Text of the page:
The Mask of Circe

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Spellsinger (The Spellsinger Adventures Book 1)

A musician is transported into a land of magic—from the #1 New York Times–bestselling author of Star Wars: The Force Awakens and Star Trek Into Darkness. Jonathan Thomas Meriweather is a typical college student, interested in girls, music, and an occasional taste of reefer. Read more

Witch World

Another trilogy in the same setting available here

A psychiatrist travels to a world of magic and gods in this take on “Jason and the Argonauts” from the Hugo Award–nominated author of Earth’s Last Citadel.

Jay Seward remembers a former life in a land of magic, gods, and goddesses—a time when he was Jason of Iolcus, sailing in the enchanted ship Argo to steal the Golden Fleece from the serpent-temples of Apollo. But one night the memories become startlingly real, as the Argo itself sails out of the spectral mists and a hauntingly beautiful voice calls: “Jason . . . come to me!”

And suddenly he’s on the deck of the Argo, sailing into danger and magic . . .

“A fantasy in the grand tradition of Merritt and the other giants.” —Arthur Leo Zagat, author of the Tomorrow series

Praise for Henry Kuttner
“One of the all-time major names in science fiction.” —The New York Times

“A neglected master.” —Ray Bradbury, author of Fahrenheit 451

Northwest Smith

Northwest Smith
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Meet the iconic space outlaw who “could be Han Solo’s grandfather,” in these stories by a pioneer of Golden Age science fiction (SF Signal).

First published in Weird Tales in the early 1930s, C.L. Moore’s Northwest Smith stories, especially “Shambleau,” were hailed as some of the most imaginative and vivid science fiction stories ever to come out of the golden age of sci-fi. At a time when women were heavily underrepresented in the genre, Moore was among the first to gain critical and popular acclaim, and decades later was inducted into the Science Fiction and Fantasy Hall of Fame.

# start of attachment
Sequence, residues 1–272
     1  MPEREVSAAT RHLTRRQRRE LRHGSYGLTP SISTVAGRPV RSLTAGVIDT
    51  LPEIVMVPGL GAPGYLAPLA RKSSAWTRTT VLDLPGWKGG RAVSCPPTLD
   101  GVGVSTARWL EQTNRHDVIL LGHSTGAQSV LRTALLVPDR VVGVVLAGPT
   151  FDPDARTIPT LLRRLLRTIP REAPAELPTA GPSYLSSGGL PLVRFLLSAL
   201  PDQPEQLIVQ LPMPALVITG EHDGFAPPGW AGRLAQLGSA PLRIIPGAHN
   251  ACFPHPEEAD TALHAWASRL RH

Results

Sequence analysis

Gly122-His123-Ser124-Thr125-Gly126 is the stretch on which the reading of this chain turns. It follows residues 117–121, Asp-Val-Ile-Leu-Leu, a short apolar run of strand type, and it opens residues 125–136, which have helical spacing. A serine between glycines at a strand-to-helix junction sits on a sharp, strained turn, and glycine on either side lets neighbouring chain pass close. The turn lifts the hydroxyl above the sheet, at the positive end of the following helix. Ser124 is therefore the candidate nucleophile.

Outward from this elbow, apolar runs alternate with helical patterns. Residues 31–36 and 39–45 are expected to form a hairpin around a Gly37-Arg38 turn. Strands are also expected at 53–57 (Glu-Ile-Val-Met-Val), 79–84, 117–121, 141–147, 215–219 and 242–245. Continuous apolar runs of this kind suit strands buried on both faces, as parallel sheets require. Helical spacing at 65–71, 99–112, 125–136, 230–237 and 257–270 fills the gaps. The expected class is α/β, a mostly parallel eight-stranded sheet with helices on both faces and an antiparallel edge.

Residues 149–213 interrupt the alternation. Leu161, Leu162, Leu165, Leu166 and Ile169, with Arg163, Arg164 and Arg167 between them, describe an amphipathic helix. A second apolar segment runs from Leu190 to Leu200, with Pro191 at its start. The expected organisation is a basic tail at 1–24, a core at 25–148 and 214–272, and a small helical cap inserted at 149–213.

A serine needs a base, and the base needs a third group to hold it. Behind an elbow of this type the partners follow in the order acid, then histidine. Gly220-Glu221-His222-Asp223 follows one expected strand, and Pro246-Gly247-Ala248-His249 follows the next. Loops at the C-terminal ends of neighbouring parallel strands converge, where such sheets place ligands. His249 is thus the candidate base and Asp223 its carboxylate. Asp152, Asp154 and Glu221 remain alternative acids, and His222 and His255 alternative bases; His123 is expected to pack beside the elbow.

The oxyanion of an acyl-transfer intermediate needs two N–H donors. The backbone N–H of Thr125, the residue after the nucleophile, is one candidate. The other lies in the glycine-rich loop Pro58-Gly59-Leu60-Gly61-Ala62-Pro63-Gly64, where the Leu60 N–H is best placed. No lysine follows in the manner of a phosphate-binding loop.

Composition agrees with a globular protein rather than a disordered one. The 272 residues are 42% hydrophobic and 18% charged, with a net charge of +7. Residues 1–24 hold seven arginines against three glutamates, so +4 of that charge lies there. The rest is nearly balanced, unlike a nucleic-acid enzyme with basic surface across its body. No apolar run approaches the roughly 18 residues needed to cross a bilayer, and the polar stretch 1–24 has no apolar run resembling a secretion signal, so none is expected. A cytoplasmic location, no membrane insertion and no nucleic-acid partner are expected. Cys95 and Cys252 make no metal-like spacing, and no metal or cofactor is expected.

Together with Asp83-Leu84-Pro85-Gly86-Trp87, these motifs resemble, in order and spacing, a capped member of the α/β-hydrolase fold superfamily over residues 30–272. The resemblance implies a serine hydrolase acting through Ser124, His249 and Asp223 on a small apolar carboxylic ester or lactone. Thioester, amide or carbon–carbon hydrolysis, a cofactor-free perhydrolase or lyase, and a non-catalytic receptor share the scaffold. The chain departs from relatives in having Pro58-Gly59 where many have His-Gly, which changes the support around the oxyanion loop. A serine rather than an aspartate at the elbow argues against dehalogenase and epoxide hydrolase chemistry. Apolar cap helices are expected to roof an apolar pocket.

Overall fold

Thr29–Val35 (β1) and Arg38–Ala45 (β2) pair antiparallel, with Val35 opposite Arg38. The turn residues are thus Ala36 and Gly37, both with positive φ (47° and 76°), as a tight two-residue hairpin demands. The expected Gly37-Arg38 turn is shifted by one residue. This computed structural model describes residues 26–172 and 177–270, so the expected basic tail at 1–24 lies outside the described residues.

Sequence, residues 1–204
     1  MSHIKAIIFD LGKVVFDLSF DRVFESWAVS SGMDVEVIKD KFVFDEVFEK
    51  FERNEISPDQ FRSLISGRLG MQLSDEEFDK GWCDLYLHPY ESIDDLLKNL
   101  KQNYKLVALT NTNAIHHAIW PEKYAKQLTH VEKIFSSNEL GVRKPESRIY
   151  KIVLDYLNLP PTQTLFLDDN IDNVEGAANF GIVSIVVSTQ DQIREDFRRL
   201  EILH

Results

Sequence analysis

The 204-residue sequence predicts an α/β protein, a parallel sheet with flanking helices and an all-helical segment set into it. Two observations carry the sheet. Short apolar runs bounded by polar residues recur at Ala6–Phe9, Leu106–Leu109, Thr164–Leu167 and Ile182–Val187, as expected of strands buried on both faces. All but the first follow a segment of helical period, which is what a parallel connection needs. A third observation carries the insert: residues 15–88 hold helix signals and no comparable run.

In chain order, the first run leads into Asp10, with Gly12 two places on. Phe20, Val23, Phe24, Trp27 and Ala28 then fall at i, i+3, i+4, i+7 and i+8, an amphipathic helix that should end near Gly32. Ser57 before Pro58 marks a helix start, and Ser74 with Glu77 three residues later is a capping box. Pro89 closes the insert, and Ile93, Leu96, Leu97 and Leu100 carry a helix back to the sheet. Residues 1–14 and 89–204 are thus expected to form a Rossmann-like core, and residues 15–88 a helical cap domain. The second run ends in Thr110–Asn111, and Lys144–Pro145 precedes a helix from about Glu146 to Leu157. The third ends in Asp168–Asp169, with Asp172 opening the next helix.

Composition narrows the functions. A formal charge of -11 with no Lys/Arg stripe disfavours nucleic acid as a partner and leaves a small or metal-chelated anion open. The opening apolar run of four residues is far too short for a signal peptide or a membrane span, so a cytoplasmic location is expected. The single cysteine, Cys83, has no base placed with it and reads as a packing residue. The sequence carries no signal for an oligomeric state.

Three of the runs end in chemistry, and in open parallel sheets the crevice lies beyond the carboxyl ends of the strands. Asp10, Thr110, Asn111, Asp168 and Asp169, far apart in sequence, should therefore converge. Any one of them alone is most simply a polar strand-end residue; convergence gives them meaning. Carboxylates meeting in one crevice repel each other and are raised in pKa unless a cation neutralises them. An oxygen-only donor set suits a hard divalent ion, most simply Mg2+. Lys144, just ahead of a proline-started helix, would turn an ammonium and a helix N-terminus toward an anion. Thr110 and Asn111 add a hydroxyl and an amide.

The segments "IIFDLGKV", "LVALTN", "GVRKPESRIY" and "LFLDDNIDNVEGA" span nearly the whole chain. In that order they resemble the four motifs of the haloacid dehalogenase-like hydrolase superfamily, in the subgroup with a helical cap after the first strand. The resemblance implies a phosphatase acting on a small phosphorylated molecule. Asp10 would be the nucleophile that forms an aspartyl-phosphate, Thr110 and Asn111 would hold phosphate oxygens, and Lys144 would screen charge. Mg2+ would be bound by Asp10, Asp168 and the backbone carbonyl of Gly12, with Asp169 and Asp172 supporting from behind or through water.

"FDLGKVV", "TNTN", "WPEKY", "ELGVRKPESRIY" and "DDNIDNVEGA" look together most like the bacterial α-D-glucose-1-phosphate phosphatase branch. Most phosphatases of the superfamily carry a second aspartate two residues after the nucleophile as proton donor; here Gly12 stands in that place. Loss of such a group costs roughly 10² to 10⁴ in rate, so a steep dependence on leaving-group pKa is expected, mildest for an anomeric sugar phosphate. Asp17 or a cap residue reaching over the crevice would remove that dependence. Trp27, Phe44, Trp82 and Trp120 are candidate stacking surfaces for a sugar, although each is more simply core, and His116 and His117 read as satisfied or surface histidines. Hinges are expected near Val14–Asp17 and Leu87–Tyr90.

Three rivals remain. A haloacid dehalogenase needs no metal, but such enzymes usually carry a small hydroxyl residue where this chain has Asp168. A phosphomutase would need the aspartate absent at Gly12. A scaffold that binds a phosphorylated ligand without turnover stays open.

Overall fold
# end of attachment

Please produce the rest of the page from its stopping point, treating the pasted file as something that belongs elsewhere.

Northwest Smith, now recognized by many as the archetypal space smuggler and gunslinger, is an adventurer in the classic sense of the word, and these thirteen stories chronicle the bizarre dangers, interstellar wonders, and titillating romances that captured the imagination of a generation.

The Dark World

The Dark World
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One of the earlier example of what is no known as “portal fantasy”

World War II veteran Edward Bond’s recuperation from a disastrous fighter plane crash takes a distinct turn for the weird when he encounters a giant wolf, a red witch, and the undeniable power of the need-fire, a portal to a world of magic and swordplay at once terribly new and hauntingly familiar. In the Dark World, Bond opposes the machinations of the dread lord Ganelon and his terrible retinue of werewolves, wizards, and witches, but all is not as it seems in this shadowy mirror of the real world, and Bond discovers that a part of him feels more at home here than he ever has on Earth.

Doomsday Morning

Doomsday Morning
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A classic, post-apocalyptic vision of America created by C. L. Moore, an undisputed master of science fiction’s golden age.